This week was meant to be a reunion for the Al Halabi family. They’re Syrian refugees who live just south of Seattle. Two grown children, still in Turkey, were set to fly here Monday. One of them is almost seven months pregnant. But the president’s immigration ban means they’ll remain separated indefinitely.
The Al Halabi family recently moved to a bigger apartment in Tukwila to make room for the new arrivals.
"My daughter, Jaidaa. Son, Walid. Husband [of my] daughter, Abdulmalik," lists Imtithal Al Halabi, the family matriarch.
She’s on a video chat with her daughter, Jaidaa, when I arrive.
Jaidaa’s at her apartment in Turkey. You can see an Arabic-English dictionary on the table. Her husband is at her side. Their baby is due in April. It’s the first grandchild for this family.
Everyone’s trying to put on a hopeful face. And the effort shows. But the youngest daughter, Alaa, is a spark of distraction.
She’s 11. She boldly points to my camera and wants a turn.
"Here, let’s take a picture of your brother," I say.
Alaa says something to her brother in Arabic, and her 19-year-old brother hams it up, flexing his muscles.
"Say cheese," Alaa commands. "It’s good?"
"That’s nice. You're a photographer!" I say. (Check out some of Alaa's photos in the slideshow above.)
The Al Halibi family came here as a family of four: mom, dad, two younger kids. They're pretty new to Seattle.
"One month and 17 days," Imtithal says.
"You know the days," I say.
Of course Imtithal knows exactly how long it’s been since she said goodbye to her other children.
Her husband Ahmad says he was worried whether his two older kids would make it here, even before President Trump's executive order. A family friend interprets for him.
"I didn’t want to get ahead of myself and start preparing for the baby. A lot of friends offered a crib and baby equipment but I didn't want to take it. I said those things come easily and quickly. I just want for my daughter to come here first and then I’ll be reassured," Ahmad says.
Trump’s directive ends the Syrian refugee resettlement program in the U.S., immediately and indefinitely. It also suspends all refugee admissions for four months and imposes a 90-day ban on travelers from seven predominantly Muslim countries.
Many Democratic politicians denounce the order as religious bigotry. Many Republicans defend it as a necessary measure for national security.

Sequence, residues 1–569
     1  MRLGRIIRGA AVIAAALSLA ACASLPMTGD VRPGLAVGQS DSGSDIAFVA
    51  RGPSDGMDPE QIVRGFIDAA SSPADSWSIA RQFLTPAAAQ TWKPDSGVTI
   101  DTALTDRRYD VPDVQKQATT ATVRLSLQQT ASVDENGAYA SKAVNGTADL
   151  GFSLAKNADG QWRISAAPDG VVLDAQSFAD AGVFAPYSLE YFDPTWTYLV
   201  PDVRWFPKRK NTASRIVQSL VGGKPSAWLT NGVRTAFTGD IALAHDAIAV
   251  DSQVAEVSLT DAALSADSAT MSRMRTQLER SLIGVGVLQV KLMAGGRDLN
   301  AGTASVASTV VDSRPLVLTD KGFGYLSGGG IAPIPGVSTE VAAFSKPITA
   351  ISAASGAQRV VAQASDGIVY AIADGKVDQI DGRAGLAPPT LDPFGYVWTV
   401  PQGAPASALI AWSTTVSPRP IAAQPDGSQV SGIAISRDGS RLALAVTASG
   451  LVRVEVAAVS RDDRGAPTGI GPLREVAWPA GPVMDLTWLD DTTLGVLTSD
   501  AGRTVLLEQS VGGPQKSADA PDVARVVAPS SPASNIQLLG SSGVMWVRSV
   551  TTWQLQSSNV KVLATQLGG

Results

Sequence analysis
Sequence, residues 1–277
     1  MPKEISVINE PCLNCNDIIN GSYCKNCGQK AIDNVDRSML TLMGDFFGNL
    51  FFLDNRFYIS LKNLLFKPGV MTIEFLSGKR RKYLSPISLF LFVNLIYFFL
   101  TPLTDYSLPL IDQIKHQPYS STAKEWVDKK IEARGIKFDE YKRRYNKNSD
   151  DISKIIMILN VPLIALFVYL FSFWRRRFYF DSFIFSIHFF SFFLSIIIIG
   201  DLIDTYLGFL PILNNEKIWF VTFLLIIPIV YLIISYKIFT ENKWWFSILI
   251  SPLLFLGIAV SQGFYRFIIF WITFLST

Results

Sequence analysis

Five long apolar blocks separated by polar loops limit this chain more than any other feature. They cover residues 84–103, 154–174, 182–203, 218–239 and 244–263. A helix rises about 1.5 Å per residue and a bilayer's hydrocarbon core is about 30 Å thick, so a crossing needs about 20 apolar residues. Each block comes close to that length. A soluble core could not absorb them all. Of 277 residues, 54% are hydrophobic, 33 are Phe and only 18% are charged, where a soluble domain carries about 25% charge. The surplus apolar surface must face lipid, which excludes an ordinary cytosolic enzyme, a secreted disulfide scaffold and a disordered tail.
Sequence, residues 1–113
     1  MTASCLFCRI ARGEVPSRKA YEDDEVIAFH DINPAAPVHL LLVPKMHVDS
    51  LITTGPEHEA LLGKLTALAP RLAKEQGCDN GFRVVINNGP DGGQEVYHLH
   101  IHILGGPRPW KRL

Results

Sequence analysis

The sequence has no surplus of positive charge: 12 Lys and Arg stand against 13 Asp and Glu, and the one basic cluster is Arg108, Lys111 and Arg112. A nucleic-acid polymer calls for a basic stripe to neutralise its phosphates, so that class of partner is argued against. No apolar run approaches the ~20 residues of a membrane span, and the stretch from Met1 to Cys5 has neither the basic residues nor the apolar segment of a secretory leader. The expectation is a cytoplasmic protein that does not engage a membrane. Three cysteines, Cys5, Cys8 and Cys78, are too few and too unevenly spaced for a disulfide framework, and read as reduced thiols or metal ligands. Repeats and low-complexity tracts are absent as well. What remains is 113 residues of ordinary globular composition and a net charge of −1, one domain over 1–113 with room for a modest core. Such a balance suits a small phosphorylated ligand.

Politics aside, this father, Ahmad Al Halibi, has a personal message for President Trump.
"I respect his decision that he wants to protect his country. I want to say that we are a peaceful people. We just want to live in one place together. All we want is to live in peace. I hope he will make some exceptions," Ahmad says.
This family fled their home in Aleppo and the devastation there a few years ago. The children missed school. In Turkey they found odd jobs to make ends meet, like restaurant work and cell phone repairs.
More than 230 Syrian refugees have been resettled in Washington state since the conflict started there.
Imtithal says she tries to stay strong for her kids in Turkey. Tell them they’ll be together again, things will get better. But when she talks about this baby girl on the way, her first grandchild, it hurts.
As they talk, even without understanding any Arabic, you can clearly here one word our languages share: baby.
For this family, seeing the massive turnout of support these last few days – with rallies in Seattle and around the country — they say they feel welcome, and at home.
Alaa, the 11-year-old amateur photographer, nods in agreement.
"It’s good, but if my siblings come here it will be better and better," she says.
At least for now, there’s no path for that to happen.
Editor's note: This family initially used the pseudonym Al Halabi as their last name, due to safety concerns. They now use their real last name, Bazara.